A Parallel CuttingPlane Algorithm for the Vehicle Routing Problem With Time Windows
, 1999
"... In the vehicle routing problem with time windows a number of identical vehicles must be routed to and from a depot to cover a given set of customers, each of whom has a specified time interval indicating when they are available for service. Each customer also has a known demand, and a vehicle may on ..."
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Cited by 11 (1 self)
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In the vehicle routing problem with time windows a number of identical vehicles must be routed to and from a depot to cover a given set of customers, each of whom has a specified time interval indicating when they are available for service. Each customer also has a known demand, and a vehicle may only serve the customers on a route if the total demand does not exceed the capacity of the vehicle. The most effective solution method proposed to date for this problem is due to Kohl, Desrosiers, Madsen, Solomon, and Soumis. Their algorithm uses a cuttingplane approach followed by a branchand bound search with column generation, where the columns of the LP relaxation represent routes of individual vehicles. We describe a new implementation of their method, using Karger's randomized minimumcut algorithm to generate cutting planes. The standard benchmark in this area is a set of 87 problem instances generated in 1984 by M. Solomon; making using of parallel processing in both the cuttingpla...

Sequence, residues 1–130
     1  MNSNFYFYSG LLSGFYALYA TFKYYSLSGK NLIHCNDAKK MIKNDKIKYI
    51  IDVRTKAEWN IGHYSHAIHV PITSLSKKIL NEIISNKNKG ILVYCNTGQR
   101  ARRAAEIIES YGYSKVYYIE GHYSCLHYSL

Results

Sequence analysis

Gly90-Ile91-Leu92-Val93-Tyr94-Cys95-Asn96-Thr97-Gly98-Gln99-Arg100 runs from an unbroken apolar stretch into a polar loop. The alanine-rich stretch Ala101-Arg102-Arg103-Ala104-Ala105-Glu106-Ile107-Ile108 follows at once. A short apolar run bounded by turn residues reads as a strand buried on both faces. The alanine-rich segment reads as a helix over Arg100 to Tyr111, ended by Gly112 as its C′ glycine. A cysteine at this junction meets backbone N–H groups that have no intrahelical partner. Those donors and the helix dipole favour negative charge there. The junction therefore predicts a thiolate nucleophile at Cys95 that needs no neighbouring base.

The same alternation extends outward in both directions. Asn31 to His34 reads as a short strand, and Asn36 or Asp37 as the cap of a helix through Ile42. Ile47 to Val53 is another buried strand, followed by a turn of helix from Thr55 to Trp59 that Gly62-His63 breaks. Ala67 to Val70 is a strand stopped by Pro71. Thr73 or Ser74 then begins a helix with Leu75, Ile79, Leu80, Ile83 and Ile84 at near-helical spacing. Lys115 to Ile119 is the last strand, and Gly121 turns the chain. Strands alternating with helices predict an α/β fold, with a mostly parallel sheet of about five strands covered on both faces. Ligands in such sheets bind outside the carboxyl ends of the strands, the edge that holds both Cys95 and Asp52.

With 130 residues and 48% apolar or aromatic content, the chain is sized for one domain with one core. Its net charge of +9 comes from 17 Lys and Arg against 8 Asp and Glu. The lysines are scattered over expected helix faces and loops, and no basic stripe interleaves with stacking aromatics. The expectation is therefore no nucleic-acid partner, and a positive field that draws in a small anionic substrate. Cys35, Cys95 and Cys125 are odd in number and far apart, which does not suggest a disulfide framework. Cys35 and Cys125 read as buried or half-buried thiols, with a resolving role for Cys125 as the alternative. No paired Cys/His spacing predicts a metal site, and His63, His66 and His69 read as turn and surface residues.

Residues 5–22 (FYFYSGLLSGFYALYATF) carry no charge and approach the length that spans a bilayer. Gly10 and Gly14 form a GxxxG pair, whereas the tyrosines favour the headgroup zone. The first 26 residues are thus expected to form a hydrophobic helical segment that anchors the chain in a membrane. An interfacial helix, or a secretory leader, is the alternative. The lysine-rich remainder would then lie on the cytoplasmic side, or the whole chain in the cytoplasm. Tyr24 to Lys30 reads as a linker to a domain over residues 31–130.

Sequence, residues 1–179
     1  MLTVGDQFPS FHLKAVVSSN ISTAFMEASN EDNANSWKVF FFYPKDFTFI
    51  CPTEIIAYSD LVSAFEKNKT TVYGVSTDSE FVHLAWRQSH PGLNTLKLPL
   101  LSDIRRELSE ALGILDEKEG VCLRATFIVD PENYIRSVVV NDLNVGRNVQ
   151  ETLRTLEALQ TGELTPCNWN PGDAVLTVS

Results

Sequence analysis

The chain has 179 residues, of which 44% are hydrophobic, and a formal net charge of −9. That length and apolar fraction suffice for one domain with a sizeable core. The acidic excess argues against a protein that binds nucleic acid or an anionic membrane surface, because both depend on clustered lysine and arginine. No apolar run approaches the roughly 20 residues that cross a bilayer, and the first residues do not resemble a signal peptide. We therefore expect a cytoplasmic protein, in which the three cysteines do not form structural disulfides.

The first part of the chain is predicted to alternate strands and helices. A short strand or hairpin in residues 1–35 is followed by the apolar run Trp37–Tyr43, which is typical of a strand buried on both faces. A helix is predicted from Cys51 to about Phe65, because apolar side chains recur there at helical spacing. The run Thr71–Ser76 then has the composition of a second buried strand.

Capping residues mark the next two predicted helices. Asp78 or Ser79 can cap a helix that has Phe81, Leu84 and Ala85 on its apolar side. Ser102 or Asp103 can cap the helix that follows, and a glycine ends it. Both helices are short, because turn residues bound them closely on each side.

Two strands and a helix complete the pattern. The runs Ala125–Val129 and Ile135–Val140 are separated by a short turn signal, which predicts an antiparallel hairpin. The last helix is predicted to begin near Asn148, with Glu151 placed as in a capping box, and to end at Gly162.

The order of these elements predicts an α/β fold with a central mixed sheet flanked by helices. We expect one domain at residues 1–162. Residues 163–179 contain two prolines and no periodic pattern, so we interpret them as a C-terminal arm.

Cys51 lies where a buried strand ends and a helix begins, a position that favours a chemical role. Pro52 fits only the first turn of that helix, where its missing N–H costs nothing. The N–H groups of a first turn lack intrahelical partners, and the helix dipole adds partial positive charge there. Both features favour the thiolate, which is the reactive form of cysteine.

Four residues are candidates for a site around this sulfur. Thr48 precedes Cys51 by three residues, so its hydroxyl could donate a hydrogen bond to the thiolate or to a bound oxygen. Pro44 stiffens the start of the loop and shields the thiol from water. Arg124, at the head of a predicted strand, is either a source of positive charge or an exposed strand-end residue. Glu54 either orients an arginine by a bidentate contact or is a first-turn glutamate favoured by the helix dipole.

Revisiting the Omitted Variables Argument: Substantive vs. Statistical Adequacy
 FORTHCOMING IN THE JOURNAL OF ECONOMIC METHODOLOGY
"... The problem of omitted variables is commonly viewed as a statistical misspecification issue which renders the inference concerning the influence of Xt on yt unreliable, due to the exclusion of certain relevant factors Wt: That is, omitting certain potentially important factors Wt may confound the in ..."
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Cited by 10 (8 self)